MCTRL.DLLaddresses MS Windows 2000 and newer (i.e. MS Windows 2000, MS Windows XP, MS Windows Server 2003, MS Windows Vista, MS Windows Server 2008 and MS Windows 7), both 32 and 64-bit versions.
Unfortunatly for capacity and availability reasons, the mCtrl is regularly tested on MS Windows XP (32-bit). MS Windows 2000 and Vista are tested only on sendom opportunity, as well as 64-bit builds on 64-bit systems.
MCTRL.DLLprovides some debugging facilities which can be turned on or off. The debugging level is controlled with preprocessor macro DEBUG during building of
Value 0 means the debugging is disabled ("Release" version). This is expected to be used with the final release of the application.
Value 1 enables the "Debug" build. This implies several points:
MCTRL.DLLdisables compiler optizations and keeps debugging information in resulted
MCTRL.DLLbinary (at least when built with mingw using the
MAKEFILEincluded in mCtrl source package.)
Tracesare enabled when something interesting happens or if any failure is detected. The traces are outputted with
OutputDebugStringso you can catch them with any reasonable debugger for Windows (debugger in MS Visual Studio or gdb are fine) or with application DebugView (http://technet.microsoft.com/en-us/sysinternals/bb896647.aspx).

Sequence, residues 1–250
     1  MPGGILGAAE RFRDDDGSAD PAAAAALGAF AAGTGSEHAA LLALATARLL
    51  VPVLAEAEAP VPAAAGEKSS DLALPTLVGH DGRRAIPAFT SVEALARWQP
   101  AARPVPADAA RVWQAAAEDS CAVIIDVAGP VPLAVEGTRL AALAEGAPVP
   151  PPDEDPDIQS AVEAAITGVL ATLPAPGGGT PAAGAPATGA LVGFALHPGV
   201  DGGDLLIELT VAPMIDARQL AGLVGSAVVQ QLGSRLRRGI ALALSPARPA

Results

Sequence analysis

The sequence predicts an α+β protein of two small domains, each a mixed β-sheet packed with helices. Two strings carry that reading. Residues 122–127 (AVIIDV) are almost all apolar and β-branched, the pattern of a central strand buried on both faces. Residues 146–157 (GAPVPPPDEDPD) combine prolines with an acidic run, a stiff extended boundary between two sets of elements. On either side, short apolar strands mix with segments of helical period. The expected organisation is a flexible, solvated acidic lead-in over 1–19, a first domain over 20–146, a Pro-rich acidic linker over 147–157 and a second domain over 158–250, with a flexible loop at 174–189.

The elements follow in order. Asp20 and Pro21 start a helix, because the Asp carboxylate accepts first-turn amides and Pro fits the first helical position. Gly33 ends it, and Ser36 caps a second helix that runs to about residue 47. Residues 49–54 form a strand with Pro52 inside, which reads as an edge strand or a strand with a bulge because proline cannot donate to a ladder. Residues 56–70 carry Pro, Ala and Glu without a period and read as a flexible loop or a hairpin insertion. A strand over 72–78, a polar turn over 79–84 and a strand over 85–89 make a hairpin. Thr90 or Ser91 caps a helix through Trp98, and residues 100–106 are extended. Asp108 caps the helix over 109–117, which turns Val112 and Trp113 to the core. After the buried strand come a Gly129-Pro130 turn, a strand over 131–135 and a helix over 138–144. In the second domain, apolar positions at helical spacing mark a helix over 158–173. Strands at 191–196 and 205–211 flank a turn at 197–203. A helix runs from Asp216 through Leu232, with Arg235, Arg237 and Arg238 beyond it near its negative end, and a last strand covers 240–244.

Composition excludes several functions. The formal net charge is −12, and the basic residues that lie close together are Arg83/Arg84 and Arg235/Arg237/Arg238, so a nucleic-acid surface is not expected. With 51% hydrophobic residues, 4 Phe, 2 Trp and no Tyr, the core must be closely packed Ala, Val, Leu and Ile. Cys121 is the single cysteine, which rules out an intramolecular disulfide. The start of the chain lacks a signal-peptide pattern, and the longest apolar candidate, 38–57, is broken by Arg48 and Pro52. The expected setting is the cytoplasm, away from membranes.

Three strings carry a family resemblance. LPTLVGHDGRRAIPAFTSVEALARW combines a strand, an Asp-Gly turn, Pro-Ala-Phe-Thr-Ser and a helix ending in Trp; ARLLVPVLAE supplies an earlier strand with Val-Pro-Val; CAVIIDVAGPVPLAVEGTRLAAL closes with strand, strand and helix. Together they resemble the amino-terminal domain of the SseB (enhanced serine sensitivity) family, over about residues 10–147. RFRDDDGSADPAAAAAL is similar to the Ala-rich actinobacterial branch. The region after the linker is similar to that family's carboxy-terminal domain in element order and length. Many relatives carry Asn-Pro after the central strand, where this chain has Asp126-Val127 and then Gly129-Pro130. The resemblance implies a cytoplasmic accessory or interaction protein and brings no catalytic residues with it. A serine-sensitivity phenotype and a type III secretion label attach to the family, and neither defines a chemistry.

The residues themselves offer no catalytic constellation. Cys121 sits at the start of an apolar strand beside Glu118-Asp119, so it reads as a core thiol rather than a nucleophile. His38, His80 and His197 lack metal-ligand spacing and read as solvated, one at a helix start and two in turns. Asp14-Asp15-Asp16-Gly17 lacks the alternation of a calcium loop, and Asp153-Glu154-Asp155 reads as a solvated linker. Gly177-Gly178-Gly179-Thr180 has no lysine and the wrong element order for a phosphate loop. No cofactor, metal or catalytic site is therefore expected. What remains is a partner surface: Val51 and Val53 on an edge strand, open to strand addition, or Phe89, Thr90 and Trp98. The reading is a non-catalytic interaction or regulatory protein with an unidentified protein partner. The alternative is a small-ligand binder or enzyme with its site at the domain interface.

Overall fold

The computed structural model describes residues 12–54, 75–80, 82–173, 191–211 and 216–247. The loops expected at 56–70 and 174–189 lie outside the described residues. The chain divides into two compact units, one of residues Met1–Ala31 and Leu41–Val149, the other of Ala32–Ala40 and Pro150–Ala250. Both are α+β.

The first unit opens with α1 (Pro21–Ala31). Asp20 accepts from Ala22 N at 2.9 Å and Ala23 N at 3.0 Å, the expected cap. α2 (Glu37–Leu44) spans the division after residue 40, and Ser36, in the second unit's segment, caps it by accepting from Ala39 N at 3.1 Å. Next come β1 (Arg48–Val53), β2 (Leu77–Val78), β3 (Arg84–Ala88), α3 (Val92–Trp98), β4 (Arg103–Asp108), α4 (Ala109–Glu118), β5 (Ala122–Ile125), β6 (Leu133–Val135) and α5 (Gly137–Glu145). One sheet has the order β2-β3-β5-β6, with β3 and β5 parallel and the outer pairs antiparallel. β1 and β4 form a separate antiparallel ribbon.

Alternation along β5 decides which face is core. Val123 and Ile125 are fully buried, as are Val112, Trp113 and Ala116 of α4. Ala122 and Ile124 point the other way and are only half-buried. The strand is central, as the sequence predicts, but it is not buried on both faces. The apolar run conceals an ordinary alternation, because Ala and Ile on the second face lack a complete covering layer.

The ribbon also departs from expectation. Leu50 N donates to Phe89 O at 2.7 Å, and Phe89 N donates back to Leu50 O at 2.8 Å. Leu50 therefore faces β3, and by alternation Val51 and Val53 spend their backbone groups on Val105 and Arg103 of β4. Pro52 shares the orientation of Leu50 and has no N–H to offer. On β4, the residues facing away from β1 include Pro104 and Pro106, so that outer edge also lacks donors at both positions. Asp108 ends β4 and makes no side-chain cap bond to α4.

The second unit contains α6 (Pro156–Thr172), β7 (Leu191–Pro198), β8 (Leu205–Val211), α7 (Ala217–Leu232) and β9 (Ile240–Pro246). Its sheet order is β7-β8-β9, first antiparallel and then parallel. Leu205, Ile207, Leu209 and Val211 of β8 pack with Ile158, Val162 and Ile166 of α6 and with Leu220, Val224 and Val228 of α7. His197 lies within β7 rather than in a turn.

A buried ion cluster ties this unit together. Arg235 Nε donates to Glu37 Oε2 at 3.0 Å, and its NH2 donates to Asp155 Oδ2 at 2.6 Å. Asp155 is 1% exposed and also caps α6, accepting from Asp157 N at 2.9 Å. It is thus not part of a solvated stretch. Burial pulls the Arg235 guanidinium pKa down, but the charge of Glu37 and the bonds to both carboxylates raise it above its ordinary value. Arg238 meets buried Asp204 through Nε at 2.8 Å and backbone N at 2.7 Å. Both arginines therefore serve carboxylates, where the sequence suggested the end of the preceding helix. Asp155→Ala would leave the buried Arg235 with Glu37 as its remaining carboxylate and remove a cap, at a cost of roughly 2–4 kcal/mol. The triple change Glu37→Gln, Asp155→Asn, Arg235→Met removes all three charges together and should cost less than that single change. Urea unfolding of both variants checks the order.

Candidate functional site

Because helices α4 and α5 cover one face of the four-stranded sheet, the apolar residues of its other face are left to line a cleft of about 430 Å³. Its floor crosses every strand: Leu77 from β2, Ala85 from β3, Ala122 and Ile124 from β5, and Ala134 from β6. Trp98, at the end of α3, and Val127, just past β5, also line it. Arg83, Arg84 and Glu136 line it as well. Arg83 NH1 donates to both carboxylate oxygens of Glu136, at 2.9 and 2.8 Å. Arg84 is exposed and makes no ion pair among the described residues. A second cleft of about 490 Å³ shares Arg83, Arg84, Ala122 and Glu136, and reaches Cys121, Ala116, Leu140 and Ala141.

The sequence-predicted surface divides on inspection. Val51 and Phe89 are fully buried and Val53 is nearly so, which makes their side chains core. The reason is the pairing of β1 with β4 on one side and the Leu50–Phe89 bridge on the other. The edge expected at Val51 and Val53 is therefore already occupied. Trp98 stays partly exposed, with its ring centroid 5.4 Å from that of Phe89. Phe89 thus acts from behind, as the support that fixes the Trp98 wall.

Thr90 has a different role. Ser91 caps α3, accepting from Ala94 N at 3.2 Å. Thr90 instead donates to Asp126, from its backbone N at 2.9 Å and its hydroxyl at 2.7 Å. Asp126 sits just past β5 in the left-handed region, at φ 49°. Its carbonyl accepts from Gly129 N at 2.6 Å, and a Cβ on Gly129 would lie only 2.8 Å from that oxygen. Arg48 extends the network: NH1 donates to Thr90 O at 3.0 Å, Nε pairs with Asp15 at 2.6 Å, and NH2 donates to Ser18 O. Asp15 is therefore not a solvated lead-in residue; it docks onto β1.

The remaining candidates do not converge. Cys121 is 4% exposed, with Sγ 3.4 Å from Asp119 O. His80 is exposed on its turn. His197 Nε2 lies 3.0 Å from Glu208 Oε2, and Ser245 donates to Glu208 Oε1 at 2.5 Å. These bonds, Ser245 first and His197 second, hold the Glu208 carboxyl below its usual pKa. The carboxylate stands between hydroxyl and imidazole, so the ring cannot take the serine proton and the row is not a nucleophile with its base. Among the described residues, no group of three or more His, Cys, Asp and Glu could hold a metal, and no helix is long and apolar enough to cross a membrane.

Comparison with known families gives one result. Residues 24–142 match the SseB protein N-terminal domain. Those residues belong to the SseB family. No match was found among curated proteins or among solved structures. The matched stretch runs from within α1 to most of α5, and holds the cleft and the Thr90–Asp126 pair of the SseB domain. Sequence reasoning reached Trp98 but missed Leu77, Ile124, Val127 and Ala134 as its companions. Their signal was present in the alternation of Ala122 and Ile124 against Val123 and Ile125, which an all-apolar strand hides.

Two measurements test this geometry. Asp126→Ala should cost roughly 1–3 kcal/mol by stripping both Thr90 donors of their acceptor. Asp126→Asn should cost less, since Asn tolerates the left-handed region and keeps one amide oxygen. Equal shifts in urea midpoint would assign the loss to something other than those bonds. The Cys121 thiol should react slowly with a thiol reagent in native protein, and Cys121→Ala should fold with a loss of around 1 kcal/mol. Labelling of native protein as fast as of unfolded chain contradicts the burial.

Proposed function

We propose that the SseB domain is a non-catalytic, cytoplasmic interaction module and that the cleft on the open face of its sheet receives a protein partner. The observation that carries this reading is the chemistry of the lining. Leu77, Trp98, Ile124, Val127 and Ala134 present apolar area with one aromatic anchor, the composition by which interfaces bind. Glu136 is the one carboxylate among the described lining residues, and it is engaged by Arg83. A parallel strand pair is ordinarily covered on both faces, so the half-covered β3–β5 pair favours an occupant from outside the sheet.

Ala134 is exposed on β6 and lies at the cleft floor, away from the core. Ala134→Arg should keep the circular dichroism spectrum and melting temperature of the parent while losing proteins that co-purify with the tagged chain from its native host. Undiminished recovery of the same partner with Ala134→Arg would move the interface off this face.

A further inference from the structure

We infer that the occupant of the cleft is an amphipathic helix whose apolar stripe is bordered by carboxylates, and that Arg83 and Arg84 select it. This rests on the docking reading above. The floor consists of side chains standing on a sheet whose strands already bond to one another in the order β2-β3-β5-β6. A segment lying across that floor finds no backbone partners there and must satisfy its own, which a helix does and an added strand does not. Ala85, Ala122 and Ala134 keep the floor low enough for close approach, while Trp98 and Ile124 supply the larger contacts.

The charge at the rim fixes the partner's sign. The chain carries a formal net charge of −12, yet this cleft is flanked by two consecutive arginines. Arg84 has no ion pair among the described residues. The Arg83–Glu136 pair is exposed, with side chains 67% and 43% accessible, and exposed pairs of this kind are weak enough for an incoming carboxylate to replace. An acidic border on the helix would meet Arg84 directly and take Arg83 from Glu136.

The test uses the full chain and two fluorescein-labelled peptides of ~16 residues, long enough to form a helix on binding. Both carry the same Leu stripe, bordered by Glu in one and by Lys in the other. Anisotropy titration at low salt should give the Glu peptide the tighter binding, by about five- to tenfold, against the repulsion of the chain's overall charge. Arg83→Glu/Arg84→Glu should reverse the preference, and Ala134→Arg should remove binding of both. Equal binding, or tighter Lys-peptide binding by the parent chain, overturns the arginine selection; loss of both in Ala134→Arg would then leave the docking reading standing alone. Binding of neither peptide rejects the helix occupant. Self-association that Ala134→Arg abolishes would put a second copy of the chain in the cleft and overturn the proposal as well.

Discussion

MCTRL.DLL variant is recommanded as first step if your application based on
MCTRL.DLL does not do what it should. It can be very well used during application development, switching to the release
MCTRL.DLL only in release-candidate stage of your deveoplment cycle.
The traces can give you a valuable information what's going wrong and that can often directly point to a bug in your application or in mCtrl.
Value 2 enables everyting what value 1 does and additionally enables tracking memory allocation and releases performed inside of
MCTRL.DLL. It can help the classical memory management bugs like memory leaks, multiple freeing of the same memory block, buffer overruns or underruns etc.
This is especially usuful when debugging
MCTRL.DLL, but it can also be used to check that there are no leaks in your application caused by calling some function from
MCTRL.DLL allocating some resource which is not paired with corresponding releasing function. Typical example is that your application can call some initialization function (e.g. mcMditab_Initialize()) but not corresponding function (e.g. mcMditab_Terminate()).
However it is not intended for general use: it has higher memory and CPU consumtion, and tracing is much more verbous about the memory management, making the resulted log much longer.
When refering to "degbug build" of
MCTRL.DLL without specifying the debug level, DEBUG=1 is usually assumed.
Some extra debugging traces can also be turned on for some mCtrl modules by defining additional preprocessor macros, but these are intended only for mCtrl own development and bug hunting, so these are not covered here.